What could Dish + Sprint mean for the future of mobile video on iOS?

What could Dish + Sprint mean for the future of mobile video on iOS?

Satellite TV innovator Dish Network has thrown a monkey wrench into Softbank’s plans to acquire a 70% interest in Sprint by offering a 13% premium over Softbank’s bid, and rather than buy a majority of Sprint they’re proposing a full merger. For those of you who really want to understand the thinking that went into this, watch the AllThingsD video interview with Dish chairman Charlie Ergen . It’s a long video, but damn, you have to admire the straight-up answers Ergen gives to the audience.

My take on the whole thing is pretty simple. Dish Network is part of the old world just like Cable TV, except that they have no easy way to deliver broadband access to customers. Cable companies, at least, have DOCSIS networks. So even if the whole planet starts to cut the cord and adopt an over the top Internet TV model, they can still get paid for the plumbing. Satellite? Not so much. Without adapting their business model these guys are dying a slow death.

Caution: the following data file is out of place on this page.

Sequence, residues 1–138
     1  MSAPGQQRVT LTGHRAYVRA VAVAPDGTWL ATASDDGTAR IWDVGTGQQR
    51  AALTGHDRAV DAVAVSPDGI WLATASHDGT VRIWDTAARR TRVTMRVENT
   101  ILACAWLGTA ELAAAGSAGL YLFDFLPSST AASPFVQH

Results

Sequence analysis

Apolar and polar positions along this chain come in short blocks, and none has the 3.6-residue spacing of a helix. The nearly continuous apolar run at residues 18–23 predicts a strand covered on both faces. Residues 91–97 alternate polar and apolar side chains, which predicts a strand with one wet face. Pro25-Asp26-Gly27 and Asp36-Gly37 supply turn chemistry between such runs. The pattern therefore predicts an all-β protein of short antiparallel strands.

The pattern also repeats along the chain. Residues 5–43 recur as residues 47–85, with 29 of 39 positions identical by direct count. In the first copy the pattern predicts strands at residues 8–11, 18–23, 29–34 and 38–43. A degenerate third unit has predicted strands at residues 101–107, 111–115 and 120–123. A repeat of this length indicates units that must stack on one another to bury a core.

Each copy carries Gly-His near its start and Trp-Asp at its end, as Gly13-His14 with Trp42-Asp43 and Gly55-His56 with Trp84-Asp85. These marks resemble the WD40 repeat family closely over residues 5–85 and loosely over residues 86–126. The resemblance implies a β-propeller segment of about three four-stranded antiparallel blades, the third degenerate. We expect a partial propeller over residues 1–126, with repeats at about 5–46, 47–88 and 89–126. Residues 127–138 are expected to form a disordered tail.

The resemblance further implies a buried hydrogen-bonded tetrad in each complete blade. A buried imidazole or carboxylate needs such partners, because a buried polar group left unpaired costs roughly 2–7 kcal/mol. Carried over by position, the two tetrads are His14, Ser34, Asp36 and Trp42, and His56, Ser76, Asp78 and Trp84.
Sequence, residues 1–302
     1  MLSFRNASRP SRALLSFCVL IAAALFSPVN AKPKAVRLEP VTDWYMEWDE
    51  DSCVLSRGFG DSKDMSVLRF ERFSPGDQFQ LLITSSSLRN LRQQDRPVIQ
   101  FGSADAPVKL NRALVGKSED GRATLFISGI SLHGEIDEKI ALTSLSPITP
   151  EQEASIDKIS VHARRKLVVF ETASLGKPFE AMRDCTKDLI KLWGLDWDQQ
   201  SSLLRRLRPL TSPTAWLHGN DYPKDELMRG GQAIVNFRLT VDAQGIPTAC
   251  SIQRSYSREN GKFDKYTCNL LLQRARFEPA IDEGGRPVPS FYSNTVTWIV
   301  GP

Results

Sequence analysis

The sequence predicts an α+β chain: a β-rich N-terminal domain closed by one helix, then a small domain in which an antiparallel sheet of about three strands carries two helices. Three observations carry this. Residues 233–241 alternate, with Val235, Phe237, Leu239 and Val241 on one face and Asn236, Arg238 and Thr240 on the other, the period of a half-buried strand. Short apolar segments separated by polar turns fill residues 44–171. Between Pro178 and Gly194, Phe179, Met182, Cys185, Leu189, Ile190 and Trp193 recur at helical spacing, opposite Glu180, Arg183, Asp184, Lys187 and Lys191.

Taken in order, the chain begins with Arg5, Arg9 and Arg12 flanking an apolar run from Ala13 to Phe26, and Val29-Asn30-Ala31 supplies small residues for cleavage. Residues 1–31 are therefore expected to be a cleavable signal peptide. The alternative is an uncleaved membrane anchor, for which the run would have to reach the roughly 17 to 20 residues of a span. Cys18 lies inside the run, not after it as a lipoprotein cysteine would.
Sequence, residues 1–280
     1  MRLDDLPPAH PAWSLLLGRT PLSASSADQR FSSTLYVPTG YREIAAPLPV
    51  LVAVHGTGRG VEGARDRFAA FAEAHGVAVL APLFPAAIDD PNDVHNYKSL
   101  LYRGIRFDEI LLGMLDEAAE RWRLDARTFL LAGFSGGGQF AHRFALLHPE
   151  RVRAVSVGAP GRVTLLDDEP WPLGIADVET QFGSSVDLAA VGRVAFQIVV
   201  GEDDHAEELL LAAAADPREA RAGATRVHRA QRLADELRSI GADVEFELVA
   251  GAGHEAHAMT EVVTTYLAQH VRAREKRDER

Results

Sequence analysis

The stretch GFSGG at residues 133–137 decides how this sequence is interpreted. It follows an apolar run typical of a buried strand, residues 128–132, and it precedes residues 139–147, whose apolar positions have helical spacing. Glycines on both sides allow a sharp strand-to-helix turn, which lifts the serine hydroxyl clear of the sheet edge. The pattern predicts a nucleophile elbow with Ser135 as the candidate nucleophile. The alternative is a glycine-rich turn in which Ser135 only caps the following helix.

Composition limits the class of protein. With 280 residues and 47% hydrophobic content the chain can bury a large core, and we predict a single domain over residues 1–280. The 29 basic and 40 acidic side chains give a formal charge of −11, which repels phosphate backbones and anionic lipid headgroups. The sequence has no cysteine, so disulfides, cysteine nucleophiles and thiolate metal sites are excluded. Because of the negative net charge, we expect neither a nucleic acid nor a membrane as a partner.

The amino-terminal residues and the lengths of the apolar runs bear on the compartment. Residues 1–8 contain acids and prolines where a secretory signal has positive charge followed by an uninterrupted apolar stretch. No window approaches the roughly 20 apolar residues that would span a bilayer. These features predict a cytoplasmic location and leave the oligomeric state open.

Dish has been very clear about its desire to own a wireless network. But they’ve also acknowledged the difficulty in building out such a network without a customer base to help finance it. A partnership has always been something that made more sense to them, based on all the public commentary.

Dish even bid $5.15 billion for Clearwire about 3 months ago. But Sprint had already bid for the 49% of Clearwire that it didn’t own, and being the majority shareholder, it was seen as unlikely that Dish’s bid would matter at the end of the day.

So what’s a satellite guy to do? Go big or go home. Step up the bid and make a play for the entirety of Sprint. Assuming the Clearwire acquisition by Sprint closes, Dish would end up with a monumentally huge spectrum asset as well as a huge customer base on which to justify an incredible LTE build out.